A few years ago, in the dead of winter, I took a trip up to the Nordegg, Alberta, region of Canada in hopes of photographing those methane bubbles frozen under several feet of ice throughout Abraham Lake. Every time I saw someone share a photo of that subject, I told myself that I needed to make my way up there. Fortunately, I was able get a trip going with a good buddy and finally experienced what it was like to traipse along the frozen surface of a gigantic lake. Despite outfitting myself with the appropriate complement of cold-weather clothing and gear, I’ll never forget what that frigid wind felt like. It was a sort of cold that I hadn’t known until that point.
Despite the freezing temps and howling winds, nothing could put a damper on my spirits once I saw the sprawling expanse of those frozen bubble clusters. It’s one thing to see someone’s beautiful photo of a particular subject on your computer display or mobile device. It’s a completely different story to see it with your own eyes. Another subject that reminds me of this truth is the Aurora Borealis. No photo or video can ever come close to seeing that amazing phenomenon with your own eyes and I highly recommend budgeting a trip to see it for yourself one winter.
Over the course of several days, especially during sunrise and sunset, I visited various parts of the massive lake, hunting for different bubble clusters. Other times, I focused on the multitude of deep and craggy ice cracks stretching into the distance. The compositional opportunities were plentiful indeed.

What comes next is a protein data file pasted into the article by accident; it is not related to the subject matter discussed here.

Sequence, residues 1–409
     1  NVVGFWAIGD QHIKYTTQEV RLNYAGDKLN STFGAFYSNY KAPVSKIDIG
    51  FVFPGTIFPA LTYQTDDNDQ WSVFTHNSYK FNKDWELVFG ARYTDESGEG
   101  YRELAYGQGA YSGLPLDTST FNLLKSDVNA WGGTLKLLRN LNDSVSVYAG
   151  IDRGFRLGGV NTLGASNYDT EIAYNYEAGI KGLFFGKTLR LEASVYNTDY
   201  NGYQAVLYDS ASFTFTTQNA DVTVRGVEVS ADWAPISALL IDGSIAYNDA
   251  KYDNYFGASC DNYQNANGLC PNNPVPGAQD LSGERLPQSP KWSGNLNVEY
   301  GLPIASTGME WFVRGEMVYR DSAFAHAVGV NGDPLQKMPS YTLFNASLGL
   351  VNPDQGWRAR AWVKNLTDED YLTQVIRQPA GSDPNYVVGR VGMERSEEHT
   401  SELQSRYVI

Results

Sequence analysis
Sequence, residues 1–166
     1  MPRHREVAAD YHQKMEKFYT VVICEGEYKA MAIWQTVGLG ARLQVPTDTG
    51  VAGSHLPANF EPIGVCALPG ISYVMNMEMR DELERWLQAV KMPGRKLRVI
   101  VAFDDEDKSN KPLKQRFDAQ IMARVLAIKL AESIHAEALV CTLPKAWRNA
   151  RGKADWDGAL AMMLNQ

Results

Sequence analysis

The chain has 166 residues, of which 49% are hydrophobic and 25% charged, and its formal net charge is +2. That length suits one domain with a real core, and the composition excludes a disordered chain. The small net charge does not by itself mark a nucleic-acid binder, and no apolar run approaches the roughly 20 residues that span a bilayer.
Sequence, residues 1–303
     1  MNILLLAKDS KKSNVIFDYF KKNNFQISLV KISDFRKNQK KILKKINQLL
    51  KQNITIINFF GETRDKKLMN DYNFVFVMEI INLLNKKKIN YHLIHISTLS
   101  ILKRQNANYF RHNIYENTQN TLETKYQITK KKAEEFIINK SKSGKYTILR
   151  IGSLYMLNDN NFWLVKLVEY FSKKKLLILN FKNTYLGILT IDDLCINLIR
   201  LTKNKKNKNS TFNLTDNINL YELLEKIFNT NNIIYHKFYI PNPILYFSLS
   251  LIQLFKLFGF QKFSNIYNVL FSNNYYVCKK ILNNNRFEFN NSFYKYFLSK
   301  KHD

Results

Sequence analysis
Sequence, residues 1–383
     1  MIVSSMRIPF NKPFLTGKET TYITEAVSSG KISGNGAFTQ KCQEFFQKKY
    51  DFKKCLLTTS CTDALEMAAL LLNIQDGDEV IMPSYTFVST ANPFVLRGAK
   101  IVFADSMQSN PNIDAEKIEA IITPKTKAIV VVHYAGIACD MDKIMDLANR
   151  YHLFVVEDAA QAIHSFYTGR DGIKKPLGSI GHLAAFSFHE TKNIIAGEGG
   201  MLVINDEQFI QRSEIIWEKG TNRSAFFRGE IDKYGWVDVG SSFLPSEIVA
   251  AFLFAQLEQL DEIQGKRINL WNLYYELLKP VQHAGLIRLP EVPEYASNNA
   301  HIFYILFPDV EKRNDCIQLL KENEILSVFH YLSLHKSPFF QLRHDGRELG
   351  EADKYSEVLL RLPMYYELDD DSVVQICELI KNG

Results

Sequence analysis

However, it was while walking from one position to another that I noticed my camera’s LCD. The camera was mounted to my tripod and I was holding it in such a way that the lens was pointing straight down. I had my Sony 24-70mm lens on and it was zoomed in to its longest focal length. All this time, I had been taking photos with my camera parallel to the frozen surface yet I never considered what creative opportunities were available simply by looking straight down. All of a sudden, I was immersed in all sorts of unique ways to arrange those very same bubbles and cracks, plus I now had the added bonus of finding grass and branches that were suspended in place under the ice.
All of this is to serve as a reminder to look straight down once in a while. Nature often looks amazing while gazing into the distance, but there is as much wonder and beauty to be found right at your feet.
See more of Brian Matiash’s work at matiash.com.